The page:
false alarm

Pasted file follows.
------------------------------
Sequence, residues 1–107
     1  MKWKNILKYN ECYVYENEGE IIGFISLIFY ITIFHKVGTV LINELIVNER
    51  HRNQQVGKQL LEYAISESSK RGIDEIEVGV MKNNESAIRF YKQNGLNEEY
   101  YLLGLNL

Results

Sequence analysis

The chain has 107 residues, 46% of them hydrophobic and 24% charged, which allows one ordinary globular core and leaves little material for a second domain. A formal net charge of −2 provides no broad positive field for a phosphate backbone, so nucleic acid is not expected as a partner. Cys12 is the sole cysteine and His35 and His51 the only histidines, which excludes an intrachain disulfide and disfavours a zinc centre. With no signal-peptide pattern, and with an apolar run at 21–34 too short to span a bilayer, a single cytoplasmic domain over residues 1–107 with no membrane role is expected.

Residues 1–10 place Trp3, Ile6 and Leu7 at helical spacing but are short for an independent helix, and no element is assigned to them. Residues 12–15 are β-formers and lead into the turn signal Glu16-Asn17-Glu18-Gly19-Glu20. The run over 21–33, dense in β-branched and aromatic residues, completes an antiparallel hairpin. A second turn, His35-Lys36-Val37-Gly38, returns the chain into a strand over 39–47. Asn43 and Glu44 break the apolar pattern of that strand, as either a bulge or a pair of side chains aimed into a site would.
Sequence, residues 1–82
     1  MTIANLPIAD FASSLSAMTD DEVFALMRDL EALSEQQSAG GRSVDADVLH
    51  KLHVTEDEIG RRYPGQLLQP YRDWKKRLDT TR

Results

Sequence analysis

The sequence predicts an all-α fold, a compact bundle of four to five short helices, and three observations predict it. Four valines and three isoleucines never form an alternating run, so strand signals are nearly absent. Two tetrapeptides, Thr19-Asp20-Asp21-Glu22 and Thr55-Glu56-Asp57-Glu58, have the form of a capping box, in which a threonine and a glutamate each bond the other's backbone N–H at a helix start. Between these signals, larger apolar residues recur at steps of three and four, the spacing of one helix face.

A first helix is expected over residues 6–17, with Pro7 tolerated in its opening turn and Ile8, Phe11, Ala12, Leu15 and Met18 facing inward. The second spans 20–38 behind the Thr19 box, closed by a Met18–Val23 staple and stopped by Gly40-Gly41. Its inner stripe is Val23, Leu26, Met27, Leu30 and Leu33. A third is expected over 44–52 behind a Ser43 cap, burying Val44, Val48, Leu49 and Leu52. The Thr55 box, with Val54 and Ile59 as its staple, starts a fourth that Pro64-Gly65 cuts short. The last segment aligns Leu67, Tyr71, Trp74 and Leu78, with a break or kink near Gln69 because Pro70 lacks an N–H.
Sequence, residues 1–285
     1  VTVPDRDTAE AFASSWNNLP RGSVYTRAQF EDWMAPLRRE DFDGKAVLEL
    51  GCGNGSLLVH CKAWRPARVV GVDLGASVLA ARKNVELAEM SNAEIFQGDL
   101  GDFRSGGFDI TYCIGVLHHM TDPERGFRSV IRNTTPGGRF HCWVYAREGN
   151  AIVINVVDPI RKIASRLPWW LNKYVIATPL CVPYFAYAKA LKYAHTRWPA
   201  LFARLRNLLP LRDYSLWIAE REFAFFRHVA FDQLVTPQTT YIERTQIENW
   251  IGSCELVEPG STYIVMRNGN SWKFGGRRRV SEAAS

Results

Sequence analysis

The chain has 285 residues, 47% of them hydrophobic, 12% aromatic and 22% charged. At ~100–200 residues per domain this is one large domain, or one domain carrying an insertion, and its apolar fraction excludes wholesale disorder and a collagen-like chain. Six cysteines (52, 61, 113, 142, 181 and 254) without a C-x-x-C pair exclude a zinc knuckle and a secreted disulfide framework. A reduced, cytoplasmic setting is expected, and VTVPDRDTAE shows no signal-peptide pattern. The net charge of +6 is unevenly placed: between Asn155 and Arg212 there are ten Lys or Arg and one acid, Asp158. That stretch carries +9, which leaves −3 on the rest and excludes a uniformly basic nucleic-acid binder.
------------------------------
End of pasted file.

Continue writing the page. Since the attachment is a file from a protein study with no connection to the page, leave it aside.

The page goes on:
It’s very likely you saw the recent news reports about the fire that devastated privately owned flats used by students at the University of Bolton. Residents had to be evacuated from the building (known as The Cube) after a fire broke out on the evening of Friday 15th November. Over 200 firefighters tackled the blaze which took more than nine hours to get under control. Two people sustained minor injuries. The investigation into the cause of the blaze is ongoing at the time of writing. Student accommodation’s certainly an environment with many fire risks associated with it: they include candle use; overheating chargers; using portable heaters; socket overload and plugging in too many extension leads; not paying attention while cooking; and, even though it may be prohibited, smoking. The situation can be compounded by a tendency of residents to be less likely to consider the consequences of actions, particularly when judgement’s been impaired by the effects of alcohol. Whether any of these factors will be linked to the Bolton University fire remains to be seen. As well as establishing how it started, the fire is raising other urgent concerns too. It’s been confirmed that the cladding used on The Cube is not the same type as Grenfell Tower, but the speed with which the fire spread has raised concerns about whether it played a role. There are real worries about how the building reacted to the fire and once again, questions are being asked about the flammability of cladding. The consequences of false alarm complacency One of the other issues that’s extremely concerning is the stark reminder this fire has given us of what can be the consequences of an environment where false fire alarms are prevalent. Many students who lived in The Cube didn’t initially evacuate when they heard the fire alarm go off. Why? Because, as one of them commented, fire alarms go off ‘almost every day’. When it was activated in response to the fire, the instinctive reaction of residents was not to quickly leave the building; it was to assume it was yet another false alarm. The assumption was that the alarm was ‘acting up as usual’ and to just ignore it. It was only when students heard screaming, they started to realise the seriousness of the situation. False alarms are by no means a problem restricted to this kind of accommodation. They are a huge problem across numerous industries and sectors. They’re disruptive and costly. But it’s the complacency they can cause towards real alarms that’s been so dramatically illustrated here. If the technology and education isn’t in place, it’s not that hard to trigger fire alarms. Cooking fumes, burning food, steam, heaters and aerosols being used close by can all trigger sensitive alarms and of course deliberate acts can cause them to go off. But there are solutions available to address false alarms. Regular maintenance and testing, sensitivity adjustments, detector positioning and using detectors with multi-sensor technology can all minimise the problem. Alongside that should be educating building users about the steps they can take to help, including the consequences of misusing fire detection and fire fighting equipment. Are your alarms loud enough? Another of the comments reported from students immediately after the fire was this one: “The fire alarms in the corridor went off but they aren't particularly loud, especially if you're asleep.” This is a serious reminder to anyone responsible for any form of sleeping accommodation that they must make sure they have an alarm system that’s loud enough to wake people who might be in a deep sleep, as well as make provision for hearing-impaired residents by using visual or vibrating alarm devices. If the fire alarm at The Cube had gone off a few hours later (it sounded at around 8.30pm) when more people were asleep, it’s very sobering to reflect on what the outcome could have been. In this incident thankfully no one was seriously injured. Ultimately, a full evacuation took place and everyone managed to get out in time. The emergency services were praised for their rapid response and management of the incident. But it was, and still is, an incredibly upsetting and disruptive experience.  Students and the emergency services alike commented on how shocked they were at the speed at which the fire took hold. A lot of the residents have lost all the possessions they had with them. And there remains a sense of how easily this could have turned into a situation that was far worse. If you have concerns that your fire safety plans and detection equipment are not as robust as they need to be, please don’t hesitate to contact us straight away for assistance.